No one wanted to go sailing with me. But last August 14 was the quintessential summer Saturday, and there was no way I wasn’t going to spend it on the water, even if I had to go alone. So I caught the launch out to my J/30, Marra, parked on her mooring in Newport, Rhode Island’s Brenton Cove. Minutes later, the sails were set and drawing, and I was blissfully wafting into Narragansett Bay before the soft breeze of a warm, 10-knot southerly.
It was absolutely perfect. But that was about to change.
Of course, I didn’t know this as I came up on the breeze and beam-reached through the lively spectator fleet anchored off Fort Adams for the Newport Jazz Festival. Nor was it evident as I began tacking out toward the mouth of the bay. I still couldn’t foresee it when I watched a rented J/22 slowly cross, by a couple of hundred yards, an incoming tug towing a big barge off Castle Hill, at the bay’s entrance.
That’s when I caught my first glimpse of an extremely clueless soul inexplicably being dragged–fully clothed!–behind the 22-footer on a short line. Even for summertime Newport, it seemed like a pretty kooky stunt. But the daysailer, under full main and jib, appeared to be making enough headway to clear the tug safely. As I sailed past on the opposite board, I didn’t give it another thought.
That is, not until I tacked.
At that instant, the action before me unfolded like a scene from an old Sam Peckinpah film: violently and in slow motion. The J/22’s jib backwinded, and the boat went into irons, drifting directly toward the mass of the incoming barge. The rental’s helmsman leaped dramatically into the sea, joining his mate already in the drink. The abandoned boat slammed into the barge and began skidding down its starboard flank. I was some two miles from my mooring on the nicest day of the year, and all hell was breaking loose.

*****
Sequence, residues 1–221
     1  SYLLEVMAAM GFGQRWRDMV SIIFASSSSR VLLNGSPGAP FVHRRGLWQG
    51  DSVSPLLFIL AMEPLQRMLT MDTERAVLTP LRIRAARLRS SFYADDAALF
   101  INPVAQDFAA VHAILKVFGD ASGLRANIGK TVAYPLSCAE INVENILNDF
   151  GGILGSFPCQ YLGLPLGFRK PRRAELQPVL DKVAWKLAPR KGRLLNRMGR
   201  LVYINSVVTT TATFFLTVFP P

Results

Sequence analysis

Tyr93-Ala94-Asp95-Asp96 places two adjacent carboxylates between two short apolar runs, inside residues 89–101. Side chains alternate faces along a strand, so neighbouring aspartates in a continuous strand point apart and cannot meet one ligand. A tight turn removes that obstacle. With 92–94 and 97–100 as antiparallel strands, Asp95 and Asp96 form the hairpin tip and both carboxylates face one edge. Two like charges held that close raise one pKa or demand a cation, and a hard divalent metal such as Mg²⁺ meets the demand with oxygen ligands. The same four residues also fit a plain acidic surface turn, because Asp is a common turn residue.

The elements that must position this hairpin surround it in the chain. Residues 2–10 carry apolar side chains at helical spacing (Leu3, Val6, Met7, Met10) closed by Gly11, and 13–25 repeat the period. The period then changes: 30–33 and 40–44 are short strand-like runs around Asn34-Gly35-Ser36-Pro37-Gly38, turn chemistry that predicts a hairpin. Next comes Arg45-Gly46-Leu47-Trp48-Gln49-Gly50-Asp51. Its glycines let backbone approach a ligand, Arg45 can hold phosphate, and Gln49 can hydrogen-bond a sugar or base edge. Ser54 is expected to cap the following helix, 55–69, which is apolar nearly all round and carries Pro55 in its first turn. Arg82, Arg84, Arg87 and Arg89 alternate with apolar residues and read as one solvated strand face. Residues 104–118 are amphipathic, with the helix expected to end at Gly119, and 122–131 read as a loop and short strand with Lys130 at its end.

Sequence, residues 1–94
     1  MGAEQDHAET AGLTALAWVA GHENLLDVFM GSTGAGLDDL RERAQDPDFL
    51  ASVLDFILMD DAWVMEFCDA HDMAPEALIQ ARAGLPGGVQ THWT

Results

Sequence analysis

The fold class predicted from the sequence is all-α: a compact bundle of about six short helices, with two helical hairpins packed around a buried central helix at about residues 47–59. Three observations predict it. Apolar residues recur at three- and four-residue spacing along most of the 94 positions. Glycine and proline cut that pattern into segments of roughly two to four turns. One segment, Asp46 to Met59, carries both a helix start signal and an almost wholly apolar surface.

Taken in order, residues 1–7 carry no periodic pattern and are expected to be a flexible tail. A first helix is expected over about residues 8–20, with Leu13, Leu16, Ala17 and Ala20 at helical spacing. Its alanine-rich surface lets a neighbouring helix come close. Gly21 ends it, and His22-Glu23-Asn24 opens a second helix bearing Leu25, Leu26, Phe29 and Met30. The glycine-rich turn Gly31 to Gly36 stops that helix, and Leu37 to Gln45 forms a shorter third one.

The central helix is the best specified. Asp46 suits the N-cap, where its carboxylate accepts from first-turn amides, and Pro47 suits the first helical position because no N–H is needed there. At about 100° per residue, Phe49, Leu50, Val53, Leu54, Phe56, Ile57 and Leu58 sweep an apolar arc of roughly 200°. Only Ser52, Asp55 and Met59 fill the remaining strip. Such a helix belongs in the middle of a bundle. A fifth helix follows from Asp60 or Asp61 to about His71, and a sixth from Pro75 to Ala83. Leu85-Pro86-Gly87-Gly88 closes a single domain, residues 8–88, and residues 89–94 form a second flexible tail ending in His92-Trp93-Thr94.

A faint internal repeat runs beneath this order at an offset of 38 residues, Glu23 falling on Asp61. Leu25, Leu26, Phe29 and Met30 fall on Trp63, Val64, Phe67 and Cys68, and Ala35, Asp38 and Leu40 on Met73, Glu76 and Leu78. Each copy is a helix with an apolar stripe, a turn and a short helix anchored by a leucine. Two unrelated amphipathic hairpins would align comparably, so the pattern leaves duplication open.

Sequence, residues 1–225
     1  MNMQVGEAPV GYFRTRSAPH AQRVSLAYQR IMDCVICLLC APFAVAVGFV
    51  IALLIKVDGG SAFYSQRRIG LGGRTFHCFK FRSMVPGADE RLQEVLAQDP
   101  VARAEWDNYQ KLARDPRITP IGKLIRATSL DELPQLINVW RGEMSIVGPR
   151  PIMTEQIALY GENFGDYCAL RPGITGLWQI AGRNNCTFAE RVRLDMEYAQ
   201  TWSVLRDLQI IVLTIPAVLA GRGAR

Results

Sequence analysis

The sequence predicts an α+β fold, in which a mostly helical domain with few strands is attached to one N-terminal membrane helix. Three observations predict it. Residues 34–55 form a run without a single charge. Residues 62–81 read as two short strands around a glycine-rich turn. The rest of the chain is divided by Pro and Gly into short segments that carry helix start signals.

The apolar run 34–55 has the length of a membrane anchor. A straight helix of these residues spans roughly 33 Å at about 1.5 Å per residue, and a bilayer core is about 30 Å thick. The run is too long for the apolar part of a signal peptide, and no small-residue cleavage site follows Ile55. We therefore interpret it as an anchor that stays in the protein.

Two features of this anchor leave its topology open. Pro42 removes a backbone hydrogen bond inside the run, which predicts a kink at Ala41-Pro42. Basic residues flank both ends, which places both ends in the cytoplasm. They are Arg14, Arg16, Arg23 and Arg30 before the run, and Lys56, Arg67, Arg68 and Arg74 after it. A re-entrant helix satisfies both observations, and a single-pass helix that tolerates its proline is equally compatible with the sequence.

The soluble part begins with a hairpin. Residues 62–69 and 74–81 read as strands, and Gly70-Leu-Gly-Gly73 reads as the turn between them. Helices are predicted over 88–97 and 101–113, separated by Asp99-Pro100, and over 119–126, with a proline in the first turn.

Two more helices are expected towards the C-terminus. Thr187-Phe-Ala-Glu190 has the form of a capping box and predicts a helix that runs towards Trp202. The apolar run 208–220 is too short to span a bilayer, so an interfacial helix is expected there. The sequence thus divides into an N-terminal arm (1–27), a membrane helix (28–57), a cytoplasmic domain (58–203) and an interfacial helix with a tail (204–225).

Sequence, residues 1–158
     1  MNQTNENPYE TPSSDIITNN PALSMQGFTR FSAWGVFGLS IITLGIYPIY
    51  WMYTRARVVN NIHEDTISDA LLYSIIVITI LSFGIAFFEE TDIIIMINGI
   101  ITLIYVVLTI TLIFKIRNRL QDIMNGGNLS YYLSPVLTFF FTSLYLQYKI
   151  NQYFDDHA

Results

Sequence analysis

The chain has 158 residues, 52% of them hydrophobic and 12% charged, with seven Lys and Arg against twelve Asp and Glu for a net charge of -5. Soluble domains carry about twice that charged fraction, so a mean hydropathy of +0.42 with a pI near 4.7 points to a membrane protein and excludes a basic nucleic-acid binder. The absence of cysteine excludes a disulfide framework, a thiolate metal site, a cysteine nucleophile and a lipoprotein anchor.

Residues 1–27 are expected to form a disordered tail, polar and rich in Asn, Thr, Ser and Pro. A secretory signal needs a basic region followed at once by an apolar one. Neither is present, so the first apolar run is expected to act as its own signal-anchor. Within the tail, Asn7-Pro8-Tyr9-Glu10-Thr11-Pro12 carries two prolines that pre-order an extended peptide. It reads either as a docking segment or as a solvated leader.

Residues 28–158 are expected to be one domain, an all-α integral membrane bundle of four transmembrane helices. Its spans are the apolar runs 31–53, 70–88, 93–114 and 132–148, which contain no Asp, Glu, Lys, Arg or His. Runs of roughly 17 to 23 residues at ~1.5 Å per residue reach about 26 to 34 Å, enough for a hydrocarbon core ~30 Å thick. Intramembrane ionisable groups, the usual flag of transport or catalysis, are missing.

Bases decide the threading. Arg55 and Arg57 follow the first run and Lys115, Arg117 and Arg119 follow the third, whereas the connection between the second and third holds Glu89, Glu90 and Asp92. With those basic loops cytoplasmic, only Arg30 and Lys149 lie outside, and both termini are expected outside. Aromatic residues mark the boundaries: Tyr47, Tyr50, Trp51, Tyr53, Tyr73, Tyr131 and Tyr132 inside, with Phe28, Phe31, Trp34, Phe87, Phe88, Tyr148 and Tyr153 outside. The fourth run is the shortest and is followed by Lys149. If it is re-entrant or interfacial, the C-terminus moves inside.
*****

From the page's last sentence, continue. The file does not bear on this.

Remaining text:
It should’ve been worse. But the skipper of the tug was a consummate seaman who’d foreseen the impending calamity and had managed to slack the tow line to the barge moments before impact with the J/22, which then slid harmlessly over the submerged cable. I shuddered to think what might’ve happened had that wire been taut at the point of collision.
Remarkably, the helmsman caught up with and clambered aboard the J/22. But his water-logged pal–like his friend, in his early 20s–was being swept the length of the barge. I thought I might be watching a guy lose his life.
But astonishingly, he drifted free, and the ensuing cries for help came from someone very much alive. No one was closer than I was. I struck the jib, sailed to within a couple of boatlengths of him, luffed up alongside, dropped my swim ladder, grabbed his wrist, and helped yank him aboard. What a sight he was.
The torn life jacket, which had ultimately saved him, and his long, scraggly hair were completely encrusted with barnacles. He looked like a sea creature from a very low-budget movie. Moments later, the Coast Guard was alongside, and my passenger was on his way to an ambulance. But not before one of the young Coasties took a long look and, in an aside to me, bestowed a nickname: “Man, did you get a load of Barnacle Head?” It was apt on a couple of levels.
B.H. had a lot of explaining to do after his quick release from the hospital. It turned out it was his first time on a sailboat, and his buddy’s second or third; not knowing the difference between a shipping lane and a bowling lane, he’d originally jumped into the water for some “fun.” The J/22 came out of it more or less unscathed.
This month, we present our annual section on Safety at Sea, this year with a decidedly offshore focus. But my August incident underscored the point that vigilance and safe-sailing practices begin in our respective home waters. On that score, even a goof like Barnacle Head might agree.